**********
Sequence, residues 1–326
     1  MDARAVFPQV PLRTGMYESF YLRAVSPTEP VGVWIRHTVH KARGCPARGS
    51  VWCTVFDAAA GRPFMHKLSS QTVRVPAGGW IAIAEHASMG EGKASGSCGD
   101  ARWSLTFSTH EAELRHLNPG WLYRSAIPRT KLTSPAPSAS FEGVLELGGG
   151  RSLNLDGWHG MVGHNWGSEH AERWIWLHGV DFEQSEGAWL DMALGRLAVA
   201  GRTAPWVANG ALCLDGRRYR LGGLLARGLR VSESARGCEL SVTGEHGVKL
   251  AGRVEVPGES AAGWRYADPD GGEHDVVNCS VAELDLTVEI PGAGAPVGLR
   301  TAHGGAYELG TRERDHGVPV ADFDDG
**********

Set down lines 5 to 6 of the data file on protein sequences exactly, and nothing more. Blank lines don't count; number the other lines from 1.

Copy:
   151  RSLNLDGWHG MVGHNWGSEH AERWIWLHGV DFEQSEGAWL DMALGRLAVA
   201  GRTAPWVANG ALCLDGRRYR LGGLLARGLR VSESARGCEL SVTGEHGVKL